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View Sample Pages : Winona Republican Herald, October 05, 1950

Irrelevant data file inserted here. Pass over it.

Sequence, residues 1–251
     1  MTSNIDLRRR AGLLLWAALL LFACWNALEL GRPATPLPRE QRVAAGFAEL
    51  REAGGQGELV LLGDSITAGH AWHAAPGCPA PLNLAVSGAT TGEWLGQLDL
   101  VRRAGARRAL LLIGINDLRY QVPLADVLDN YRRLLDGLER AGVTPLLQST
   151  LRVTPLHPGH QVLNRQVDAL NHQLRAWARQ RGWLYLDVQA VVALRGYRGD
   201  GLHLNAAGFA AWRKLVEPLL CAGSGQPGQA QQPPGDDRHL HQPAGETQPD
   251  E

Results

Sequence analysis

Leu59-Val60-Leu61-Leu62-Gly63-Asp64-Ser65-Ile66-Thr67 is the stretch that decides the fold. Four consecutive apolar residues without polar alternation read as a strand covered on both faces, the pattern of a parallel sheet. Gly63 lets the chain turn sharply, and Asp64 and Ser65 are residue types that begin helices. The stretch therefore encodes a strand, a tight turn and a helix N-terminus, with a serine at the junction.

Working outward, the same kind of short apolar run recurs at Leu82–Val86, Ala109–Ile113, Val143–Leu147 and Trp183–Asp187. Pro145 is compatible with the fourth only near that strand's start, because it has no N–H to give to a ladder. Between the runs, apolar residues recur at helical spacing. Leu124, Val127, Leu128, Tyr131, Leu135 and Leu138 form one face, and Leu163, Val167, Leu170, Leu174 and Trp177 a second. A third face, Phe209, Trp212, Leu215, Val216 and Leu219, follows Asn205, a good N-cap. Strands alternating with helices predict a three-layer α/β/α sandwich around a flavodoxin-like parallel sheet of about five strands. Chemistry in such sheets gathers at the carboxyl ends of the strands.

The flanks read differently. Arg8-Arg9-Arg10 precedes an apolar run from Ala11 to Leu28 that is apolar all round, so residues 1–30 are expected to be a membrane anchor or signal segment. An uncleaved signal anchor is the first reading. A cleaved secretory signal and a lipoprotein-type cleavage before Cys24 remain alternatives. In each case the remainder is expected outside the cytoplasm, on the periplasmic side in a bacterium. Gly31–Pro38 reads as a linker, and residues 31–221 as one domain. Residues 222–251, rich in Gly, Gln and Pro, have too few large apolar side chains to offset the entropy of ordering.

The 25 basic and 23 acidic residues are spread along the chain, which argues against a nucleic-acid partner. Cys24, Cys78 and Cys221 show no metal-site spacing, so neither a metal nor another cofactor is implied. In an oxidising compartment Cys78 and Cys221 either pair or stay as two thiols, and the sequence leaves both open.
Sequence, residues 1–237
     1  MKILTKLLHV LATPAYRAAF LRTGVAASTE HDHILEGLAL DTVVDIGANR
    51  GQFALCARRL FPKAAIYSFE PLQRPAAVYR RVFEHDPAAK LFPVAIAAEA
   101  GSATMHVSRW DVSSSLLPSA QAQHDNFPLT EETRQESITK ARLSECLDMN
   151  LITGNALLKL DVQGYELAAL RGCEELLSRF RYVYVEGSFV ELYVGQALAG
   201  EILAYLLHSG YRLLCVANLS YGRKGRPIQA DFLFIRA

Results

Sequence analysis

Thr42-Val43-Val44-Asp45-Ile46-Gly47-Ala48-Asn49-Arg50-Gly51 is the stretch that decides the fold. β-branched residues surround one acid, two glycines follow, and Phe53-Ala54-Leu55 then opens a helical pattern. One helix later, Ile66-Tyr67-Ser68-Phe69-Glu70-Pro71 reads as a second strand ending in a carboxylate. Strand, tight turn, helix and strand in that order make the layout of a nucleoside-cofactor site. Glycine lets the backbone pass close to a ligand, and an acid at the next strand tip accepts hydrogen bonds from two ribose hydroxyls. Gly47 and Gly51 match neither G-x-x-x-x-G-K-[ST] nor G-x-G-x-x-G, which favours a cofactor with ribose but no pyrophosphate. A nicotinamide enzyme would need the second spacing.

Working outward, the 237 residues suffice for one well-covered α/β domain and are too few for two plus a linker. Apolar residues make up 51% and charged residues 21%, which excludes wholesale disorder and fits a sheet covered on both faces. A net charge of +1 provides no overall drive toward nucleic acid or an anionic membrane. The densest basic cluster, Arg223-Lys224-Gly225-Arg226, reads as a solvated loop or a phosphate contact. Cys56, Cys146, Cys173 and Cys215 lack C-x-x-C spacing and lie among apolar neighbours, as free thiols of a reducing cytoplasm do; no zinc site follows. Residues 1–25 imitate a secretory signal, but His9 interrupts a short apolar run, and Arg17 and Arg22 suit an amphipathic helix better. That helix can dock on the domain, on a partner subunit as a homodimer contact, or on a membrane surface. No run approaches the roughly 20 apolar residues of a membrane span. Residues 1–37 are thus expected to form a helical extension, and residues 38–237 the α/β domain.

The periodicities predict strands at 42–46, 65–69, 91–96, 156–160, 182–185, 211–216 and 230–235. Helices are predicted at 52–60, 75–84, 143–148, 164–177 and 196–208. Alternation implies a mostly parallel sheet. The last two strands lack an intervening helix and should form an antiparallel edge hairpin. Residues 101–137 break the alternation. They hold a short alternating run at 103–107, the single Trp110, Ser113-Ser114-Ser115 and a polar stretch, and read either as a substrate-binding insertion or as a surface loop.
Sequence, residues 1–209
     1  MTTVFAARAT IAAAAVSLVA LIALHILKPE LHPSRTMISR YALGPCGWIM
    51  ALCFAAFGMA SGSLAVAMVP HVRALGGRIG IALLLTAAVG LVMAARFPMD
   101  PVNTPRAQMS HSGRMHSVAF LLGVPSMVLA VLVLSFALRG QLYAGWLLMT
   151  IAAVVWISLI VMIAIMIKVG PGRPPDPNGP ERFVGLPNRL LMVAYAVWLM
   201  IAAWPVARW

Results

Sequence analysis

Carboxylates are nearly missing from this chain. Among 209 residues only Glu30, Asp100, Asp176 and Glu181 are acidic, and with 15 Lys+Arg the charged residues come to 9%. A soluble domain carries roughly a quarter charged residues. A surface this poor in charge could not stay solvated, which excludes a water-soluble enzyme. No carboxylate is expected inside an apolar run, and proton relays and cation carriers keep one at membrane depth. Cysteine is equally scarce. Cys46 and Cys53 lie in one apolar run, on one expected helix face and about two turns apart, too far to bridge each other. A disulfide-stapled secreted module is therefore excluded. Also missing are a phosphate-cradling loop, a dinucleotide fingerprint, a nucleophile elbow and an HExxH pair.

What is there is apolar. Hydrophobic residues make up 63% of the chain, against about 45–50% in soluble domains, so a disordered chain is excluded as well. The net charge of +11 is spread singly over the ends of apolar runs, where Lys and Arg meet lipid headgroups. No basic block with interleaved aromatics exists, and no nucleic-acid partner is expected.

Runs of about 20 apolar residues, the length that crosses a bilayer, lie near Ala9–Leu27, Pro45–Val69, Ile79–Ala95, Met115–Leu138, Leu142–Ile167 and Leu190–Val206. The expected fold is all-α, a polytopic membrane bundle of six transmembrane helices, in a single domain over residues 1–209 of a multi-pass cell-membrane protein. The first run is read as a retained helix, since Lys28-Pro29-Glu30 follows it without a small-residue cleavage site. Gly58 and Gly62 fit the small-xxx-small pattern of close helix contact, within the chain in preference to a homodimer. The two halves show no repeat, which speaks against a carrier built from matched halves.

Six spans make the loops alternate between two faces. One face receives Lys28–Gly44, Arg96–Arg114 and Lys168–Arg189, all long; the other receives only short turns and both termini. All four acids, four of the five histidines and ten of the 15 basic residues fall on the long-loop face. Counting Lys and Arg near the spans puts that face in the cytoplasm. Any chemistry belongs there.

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Winona Republican-Herald, The (Newspaper) - October 5, 1950, Winona, Minnesota Mostly Cloudy, Warner Tonight, Friday VOLUME 50, NO. 195 FIVE CENTS PER COPY WINONA, MINNESOTA, THURSDAY EVENING, OCTOBER 5, 1950 TWENTY-FOUR PAGES Business as Usual Newspaper Week Finds Staff on Toes By Dave Moffitt This may be National Newspaper week, but in The Republican- Herald plant, it's business as usual. Business at a newspaper office spells the continual clatter of type- writers from the early hours cf the morning, the nine-hour chatter of three Associated Presc teletype machines bringing In news from ail over the world, the ringing of telephones over an undertone of linotype machines echoing in from the composing room, and the hustle and bustle of reporters and editors and dozens of other Republican-Herald personnel dashing about to meet the deadline for all material going into the day's edition. In spite of the day's hustling. The Republican-Herald today takes time out to pay special tribute to its 66 staff member: Reporters, NEAR IN KOREA SecondSeties 40 Hurt in Erie Train Wreck, lifttU, Oil Tank Car Blows Up In 8th Inning editors, columnists, photographers, proofreaders, compositors, pressmen and advertising, circulation, clerical and bookkeeping personnel. The Republican-Herald also salutes its 85 free-lance corre- spondents in nine Southeastern Mirinesota and Western Wiscon- sin counties, who call in tips when ncn-s breaks in their areas and from whom the Kepublican- Herald buys free-lance writing. Ths Republican-Herald is: proud of its carrier boys who lease ;32 paper routes in the nine counties.! Sixty-seven of the routes are in thej city of Winona. I in addition, a huge staff of A. P.I reporters, photographers, editors j and dispatchers scattered through- out the world keep The Republican- Herald newsroom teletype machines pouring in news nine hours a dayi Rail Workers Open Talks in Wage Increases Firemen, Ertginemen Ask 40-Hour Week, 48 Hours Pay Bv Harold W. Ward Phils Break 13-lnning String Of Scoreless Innims FINAL SCORE R H E Yanks !F1 BIB 1 .n m Sbibe Park, Philadelphia W) The Philadelphia Whiz Kids and the New York Yankees were tied, 1-1, in the eighth inning of today's second World series game on singles by Miks Goliat and Ed Waitkus and Richie Ashburu's fly ball. Fire Department, Doctors Give Immediate Aid Eric, Pa. A New York Central railroad flyer clipping along at better than a mile a minute smashed into a derailed freight oil tank car early today, setting off an explosion which rocked midtown Erie Miraculously, no one was killed Between 40 and 50 were injured but no or.e was burned although flames from the burning tanker leaped high into the air and lapped at some of the cars on the palatial westbound New England States ex- press. The engineer of the Boston to The Yanks scored their run in thelchicago express had no chance to second, jkeep his train from hitting the tank The Phils finally broke their 13- j car. It was hurled into the ex-j 'inning string of goose eggs in the I press' path from a freight train fifth. Goliat singled to Second Base-traveling eastbound on a parallel man Gerry Coleman who made a] track. sensational stop. Robin Roberts] Only one of the 14 cars on the arid tnVwirephoto apparatus b'isyj vVashinfton Exploratory (popped to Allie Reynolds in an at-1 streamliner caught fire. It was the a! globf fr0m'taIkS betW'Sn Md E? "JSf SS "islash took a bad bounce over Cole Newspaper week attention to these people who co-j looked upon today as the first ripple operate to compile and print a new wave of wage demands I man's head into right field for a Single moving Goliat to third. Ash- news every day. They made possible the Newspaper week slogan "Truth to a Fres People." But bringing truth to a free people is an expensive under- taking, both in maintaining regular 66-person payroll and in actual costs of production. for rail workers. Brotherhood of Firemen and Enginemen, headed by David 13. Robertson, and the Brotherhood of Locomotive Engineers, led by J. B. Shields, were set to start talks with The Republican-Herald plant! railroad negotiators on their de- consumes an average of some 850 iayeij demand. This tons of newsprint a year. Firemen and cnginemen want a "-hour work print is purchased from the Min- nesota and Ontario Paper Company which has mills at International Falls, Minn., and Fort Francis, On- tario. The prewar price of news- print was a ton; now It costs S101 a ton and revaluation of the Canadian dollar makes another raise seem imminent. And on these 850 tons of paper is printed 14 tons of ink annually. Plant equipment, including rune linotype machines, two monotype machines for casting type and col- umn rules, proof presses, mat rollers, casting machines, the six-unit web press, the elaborate photo-engraving outlay -to mention some of the pay. Engineers reportedly are seek- ing a 20 per cent pay boost. Those demands were held up while the trainmen and the con- the railroad. The lines werejthird and short for a single. Semi- 48 hours' _ bum's fly to Gene Woodling was unidentified waiter said: ployes. More than ten occupants scrambled to safety through a lone exit which remained open. One plenty deep for Goliat to score from! third. j For the first time in the ball! game, the Yanks went out in. order, m their half of the fifth. Story of Game Shibe Park, Philadelphia Following is the play-by-play story from engulfing the train and aided of the second game of the 1950 in rescuing passengers. Nearly 50 passengers were trap- jped in the only car which over- turned: ______ _ a Twelve Of the injured passengers ductors v.Tangled this summer with slow bounder to Haraner between wgre acjmitted to hospitals but are "Everyone just scrambled around. We had. been sleeping. Some of us got two left shoes some got one shoe and some jcot none. But we all out of there in a helluva hur- ry." Nearly 50 firemen, aided by as imany police, were at the scene I only' five blocks from midtown Erie within minutes after the a.m. crash. They kept the fire world series: FIRSflNNING beat seized August 27 to avert a strike of the trainmen and con- ductors whose dispute still is unsolved- They turned down one offer for a 23-cent hourly pay in- crease for yard service employees and a nickel an hour for those on! the rolling trains plus cost of living increases for the next three years. Rail Offer Accepted The switchmen and yardmen ac- nick made a fine catch of Rizzu- to's foul pop near the box seats behind home plate. Berra punched a looping single into short left and Woodling. by alert base running, advanced to third. Goliat backed catch Di ____ _ _ second. Ting attempted to score after the iinrin..vii switcnmen ana ys.ia.mcii at- equipment required to put out tne cepted the offer because rfairv cost wmtlri zet most of their members would get day's Republican-Herald (Continued on Page 32. Column 1) 'the 23 cent increase. roilrnnric mm not in critical rendition. At least ten others on the ex- press, including one crewman, were treated and discharged. So were two of the rescuers who bat- tered windows with their bare fists to free the injured. Upwards of 20 doctors reach- ed the scene within 30 minutes. They treated many persons on the nub catch but changed his mind andlsp0t' jor minor injuries. scrambled back to third to beatj Eleven cars of the train were NEWSWEEK Minesweeper Sunk, 21 Men Feared Lost The railroads committee, headed by Daniel P. Loomis, has to talk with all of the rail unions pressing for the shorter work week without loss of pay. After today's preliminary session with Loomis' committee, the engi- neers and firemen will come up with brand new wage demands in another ten days. At least the union chiefs have called their divisional chairmen to meetings here next week to consider new wsge and operating rules proposals. Waitkus' relay with a headlong 1( slide. Mize swung at Roberts' frst 'I pitch and raised a short foul pop up to Seminick to the left of the plate. No runs, two hits, no er- rors, two left. took two called strikes, then rapped sharply to Coleman who threw him out. Ash- burn droppea a double into short right-center as Bauer failed in an cast about like jackstraws. Their nil-steel construction not only kept them from catching fire but prevented a catastrophe, said an unidentified crew member. While helping the injured, he comment- ed: If we had wooden cars on this train it would iiave been awful." Ray Bloom of Erie, fireman on attempt to make a shoestring catch. iyle express, estimated the crack It war. the Phils' first extra base train was rolling at 70 miles an hit of the series. Sisler looked seconds before the crash, three balls, then took three He and Engineer Charles Sam- swinging at the third one. Coleman uels Oj Buffalo, N. Y., climbed hurried behind second base to from their partially overturned Washington Th nounced today the mini Magpie has been sunk by in" mine near North Korea. Twen- JCI aLlllU 1 UiCa uiuuuaaio. r In addition to the firemen a nice stop and throw to re- Diesel seconds before flames from tank CM spread to the cab. Both suffered from shock but were .engineers, claiming to Ennis. No runs, one hit, no the Jsome locomotive crewmen.i errors, one left___ SECONFlN-NING not otherwise injured. New York Central's New England States Express, a Boston to Chicago train, plowed into a derailed oil tank car today at Erie, Pa., touching off an explosion and fire. Between 40 and 50 persons were hurt, none critically. An unidentified crew member said, "If we'd had wooden cars on this train it would have been awful." (A.P. Wirephoto to The Republican-Herald.) SILENCE FROM MOSCOW Reaction to Stassen s Bid For Talks With Stalin Varied By Oliver W. De U'olt t of citizens' peace conference with Com- Washington-f.D-Republican Harold E. Stassen's bid fora sort of citizens pea ce com wiui munist Russia's Premier Josef Stalin today was greeted with mixed reaction at home and bilence from of Wesleyville, an unsuccessful seeker after the 1948 G.O.P. presidential nomination, disclosed move yes- terday He made uublic a letter suggesting further correspondence or a face-io-face meetmg-publicly re aieK> Yankees-Brown rapped a low h conductor of the east- mine in Korean waters. Two de- Brush and the Mans- field were damaged by collisions with mines and on the Brush were lost. whoseiliner rishr tne handf o1' freight train, stated: a car fc my train and ?wo de- E president third and home. Coli Writer" the O''der on a full count Rey: ,f Pressure for Increase Capped Roberts first pitch 1 A Pressure for a substantial wage i Waitkus' head into right fieli i the jsrusn increase for the nonoperating unions The Magpie hit _a mine Sunday touched rff a agQ by A1 Hayes, president of the Inter- near the citv of Ch'uksan-d o a g. survivors were of by a sister ship, the minesweeper j Mersranser. i The 136-foot wooded hulled Mag-i pie sank about two miles off shore, j The commanding officer of the increased living costs the new wage movement The commanding Magpie. Lieutenant (jg> Warren R. Person, is among the missing. Admiral Forrest P. Sherman, chief of operations, told a congressiona. day that a "great many" made floating mines have been ncnoperating unions were placed on a 40-hour work week without loss in pay on September 1. 1949. They had a'so received a seven-cent hourly wage increase ef- fective in October, 1948. The operating unions such as the engineers, firemen, trainmen and left the tracks which caused the oil jack-knife across in oncoming express.' overi Jim West, state editor of the Erie ield forldispatchi was in his office a a single sending Coleman to from the scene when he Coleman tanke, Reynolds 'of t Woodling also swung at the 'first explosion. conductors may combine their 1950 to Ashburn in shallow center. One pitch and sent a long foul into rushed to the scene and saw upper right field stands missing ajan awjuj flame. You couldn't tell home run by a dozen feet. Wood-hust; what ilad hapoened. The roof ling got. his second infield mle car (the dormitory car; when Hnmner made a fine back- was but the firemen kept handed stop of his twisting names from spreading. I help- er between third and short but ed unr0n some hose for the firemen not come up with a throw. Heiancj then Went further up toward finally tried a force at second wreck. Reynolds easily beat the throw to "The firemen and police did a that bag and Coleman crossed the woncjerful job because there was plate with the first run of the] game. P.jzxuto sent a high soft fly August Draftees Rejected by Army or confusion after the ported with Stalin in an effort j stop the drift toward war." The State department promptly that Stassen's proposal, jhad "no official inspiration." But.j jit said if Stalin agrees to meet with; I the University of Pennsylvania pres- j lident, Stassen undoubtedly will get' la passport to Moscow. j Stassen, questioned closely by newsmen about the political impli- cations of his action, said it was WashinRton The Army turned down of the men examined for the draft in August. Fire Siren Wakes Girl Following 40-Hour Sleep U.N. Orders North, South Areas United MacArthur Has Men for Final Assault By Russell Brines Tokyo A United Nations army of up to troops mass- ed today to yank down the iron curtain of parallel 38 and wipe out Red resistance in all Korea. The non-Korean allies kept south of the artiOcial border stood ready cross and join South Koreans who have already pierced the cur- tain and probed 60 miles or more into the Communist-ruled north- land. General MacArthur's headquar- ters made it clear that all his I forces are reaCy to go into North Korea as needed. Non-Korean troops had been held south of 38 since the South Koreans stabbed across Sunday. The question of their crossing from liberated South Korea was considered only as a military is- sue General MacArthur's head- quarters said, and not as a polit- ical hurdle at this stage. Given U. N. Approval The United Nations at Lake Suc- cess Wednesday night directed MacArthur, in effect, to use any means at his command to unify Korea. Parallel 38 was drawn originally to designate American and Rus- sian zones for acceptance of the Japanese surrender after World War II. The Allied political aim is a uni- fied, independent Korea. Indoctri- nated and armed by Russia, tho North Koreans plunged across the parallel June 25. The historic ini- tial U. N. armed peace-enforce- ment action crushed the Red in- vaders in three months. To mop up the remnants, the U. N. forces waited only for com- pletion of the buildup eastward from the Seoul-Inchon west coast area and for final decisions on strategy. There was no indication of where the main Allied, blows would or whether they might be amphibious or overland. The Red regime continued to ig- nore surrender ultimatums first aired by MacArthur last Sunday and repeated since. American Marines punched northward from rubbled Uijongbu, 20 miles south of 38 and about 11 miles northeast of Seoul. Resist- ance was scattered. 60 Miles Beyond Parallel On the east coast, the South Ko- rean Third division -was 60 miles north of the Red border. It was within 25 miles of Tongchon, where the Reds might attempt a stand in defense of Wonsan, an indus- trial center, some 25 miles farther north. At least Korean repub- lican troops were already in Red territory. These are the capital di- vision inland and the third on the Sea of Japan coast. Other South Korean divisions to- taling perhaps 30.000 men were either across the bouiicary or ar- rayed along it. There had been ficial and to whose or- ,ders sent the Republican forces j across the boundary Sunday. But iif this had been a hot potato, it (evidently had cooled enough for j handling by American military i sources. They said: "General MacArthur had as I much authority over the South Ko- rean forces as he does over an American division." Moving forward with Allied ground forces, seven squadrons of "non-political." but was ten-year-old and other fighter planes were was Diplomatic experts saw lit tlejthan 40 hours yesterday by Norln Korea is with- This '48 5 per cent rejection rate! chance that Stalin would accept, (shrieking fire siren. for the second month of selective But the State department The girl, Patrici th letter lor iin easv range of airborne rockets IU1 Lilt! SCUU11U illUHLli Wl j i. 1 Jf fn ir-cl service calls was reported today ;edly welcomed etter lor Itv nfctul on n and jellied gasoline fire-bombs. Mon- ft snorter wQrk WMb run_ two no two left wage pro_ struck out. Ham- found in Korean waters. He said they had been "recently laid not long out of the storehouse" j to "offset rises in ner belted a triple between DiMag-j Seven crewmen 11; aiid m rlght center j _ a mine explosion that aamaged That lbmty wffl develop with- semiuick slapped a two-bouncer to U 1 destroyer Mansfield last weefe Qr teQ days Coleman just beyond the infield I, J, the firemen and engineers Hamner held third as Cole- w terrible moments Every- production tests. including a lot of _ In August 20.1 compared with 52.2 per July, when only were given language broadcasts, i lOln ot-ori'tf rtlr Stassen's did not explicitly one chipped in, including Eleven were killed, ten ?nd three missing in a blast that tore a hole in the bottom of the destroyer Brush three days earlier. Both the Mansfield and Brush made port at Sasebo, Japan. Sherman called the mines il- He explained that the Hague convention an international agreement signed at the Hague outlawed floating mines because they might drift into the ships of neutral nations. Sherman said the mines appar- ently had been cast adrift by the North Koieans. Hibbing Man New Customs Collector Minneapolis A. H. Kleff- man, Hibbing. was en route to Washington, D. C., for a depart- mental conference today after hav- ing been sworn in yesterday as col- lector of customs for the Minne- sota district. He succeeds Mrs. Vi- ena P. Jotoson, who held the post more than four years. their policy and the trainmen, in convention at Miami, develop their program for coming to terms with the government-operated railroads. President Truman has made it clear, however, that the govern- ment will not negotiate. Secretary of the Army Pace and Presidential Assistant John R. Steelman may nudge the parties from time to time, however, to speed the contract and man threw out Seminick. Goliat an easy fly to DiMaggio. No runs, one hit, no errors, one left. THIRD INNING Yankees Berra went Dead at Mora per cent of the draftees failed to pass the physical examination. The July rejection rate for this cause was 26.8 per cent. The number failing to pass [the intelligence test increased [from 15.2 per cent in July to 17.6 'per cent in August. All other re- jection categories dropped or re- mained substantially the same. Yankees uerra weni down] Mora, Minn. Henry J. _ swinging, Goliat scrambled out 17, former state official, fOf jHarvest Bee Set ask for a meeting with Stalin. But the former Minnesota governor told a news confenace that was its "primary Inot be awakened on Tuesday morning. She continued sleeping throughout the day and night and most of Wednesday. Her father, Michael, 44, an engi- neer, recalled that in August, 1949, 'There were" sfens that Stalin I Patricia had slept in the same might be less cordial toward the I manner for 14 days. She finally idea of talking with Stassen than was awakened by the sounds of a when the two first met in Moscow sjren as fire engines sped past her in 1947. (home. For one thing, Stassen's letter strongly denounced Russian ag- Keneruey late yesterday ex- plained his daughter's condition to gression and her "refusal to co-op- Lieutenant John Mahoney. erate in stopping" the Korean war.jThe fireman drove a fire truck to the in short left to get newspaper publisher and LUC gidao m juvi L weekly DiMaggio's short fly. Mize looped iiong active in Republican party I Montgomery, Minn. Fire- cummal. Then, too, the MoscoV literary i gazette had already proposed Stas- isen for eventual trial as a war a month ago that a lazy single over Goliat's headjaffairs, died today. men dressed m the garb of the WEATHER FEDERAL FORECAST Winona and vicinity Mostly cloudy and warmer tonight and Friday, low tonight 44, high Friday 70. LOCAL WEATHER into right field. Ashburn moved! The 'former state treasurer andilate 1890s will provide the man- power for 25 old time steam-driven threshing machines to be thrown into action at a harvest bee here Sunday on the nearby farm of Leonard Rynda. The event is spon- sored by the Montgomery Histori- I1UWC Vcl, LU ijiic. "..wu --a---- .tuo-- return the railroads to their owners, back a few strides to gather in legislator had been confined to me B I Brown's high fly. No runs, one hit.JKanabec hospital at Mora for the nn prrnrs one left. inocf cpvovnl -weeks, a victim of no errors, one left. Phillies Roberts struck Ipast several -weeks, a victim out.jcancer. Waitkus lined a double barely in-j During his public career, which Official observations for the 24 one ]eft. hours ending- at 12 m. today: I Maximum, 57; minimum, 36; noon, 52; precipitation, none; sun sets to- night at sun rises tomorrow side the foul line in the right field i corner. It was the Phils' third hit and their third extra base hit. Ash-' burn fouled to Berra directly in front of the Phillies' dugout. Sisler went out on a weak roller to Cole- man. No runs, one hit, no errors, at Additional weather on Page 21. FOURTH INNING Yankees Bauer popped to Ham- ner behind the infield grass. Cole- (Continued on Page 3, Column 4.) WOSLD SERIES started in 1894 with his election as Kanabec county auditor, he served in county and state offices as well as representing the 55th district, composed of Male Lacs, Kanabec and Sherburne counties. He was elected state treasurer in 1916 and was re-elected three times consecutively thereafter. In 1925 he resigned, the post to be- the late Governor Christiansen's commission of administration and finance, a post he held until 1931. cal society. _ Comman oigan often re- Red Camp Bombed The air-battered Red territory hitherto has been mainly the hunt- ing ground of B-29s based in Jap- an and Okinawa. They already have wiped out big industrial centers but their assaults on rail lines con- tinue. The Far East Air Forces sum- mary reported the bombers blast- ed the 75-mile length the Won- san-Hamhung; rail line in north- eastern Korea. A military training camp at Munpyong, five miles north of Wonsan, also was hit. The B.-29s could find few "sig- nificant moving targets" on the highway and rail network in Red Korea, -the summary added. Behind the Allied forces gather- bedroom. The siren screeched. Kenerney _____ c, ___ ______ ____ fleets" official Soviet policy, out of the bedroom window ed at Stassen for suggesting told Mahoney Patricia had the U. S. warn Russia that further I awakened. aggression would "mean that war will come to Moscow." The liter- ary gazette said Stassen was ad- vocating atomic war. What Stassen's proposal envis- ages is a conference between Sta- lin and leading politburo. members on one hand and himself and four or five other prominent American citizens on the other. Stassen de- dined to say whom he had in come comptroller and chairman of Mautomedi, Minn., was in serious Mahtomedi Youth Injured in Crash Wichita Falls, Texas for such a mission, ate First Class Carl Reed, Jr., 21, The Truman administration fias the Kenerney home at 1243 West 80th street and parked under the ________........._______e____ window of Patricia's second-floor ing south of Red territory, trapped and widely scattered Red rem- nants were turning increasingly to- condition at the Sheppard Air Force Base hospital today as a result of an auto accident. looked coldly on recent suggestions for high level TJ. S.-Soviet talks, although the President has said he would welcome Stalin. A physician who had attended Patricia during her previous pro- longed sleep declined to discuss the case in detail. U. of W. Enrolls Students Madison, wig. The Univer- sity reported today that final enrollment figures for 1950-51 put the student population at This was less than last year. ward vicious guerrilla activities. General MacArthur's spokesman noted the increase of Red raider action and said it might create a, serious harassment of rear areas. Intelligence officers at TJ. S. Eighth Army headquarters said Red troops swooped d o w a from the hills and slaughtered be- tween and Korean civili- ans at Wonju, 55 miles southeast of Seoul. Also slain there were five Amer- ican officers attached to a South Korean army command post which the Reds overran. Efforts to capture trapped Reds {Continued on Pace 19, Column 2) KOREA ;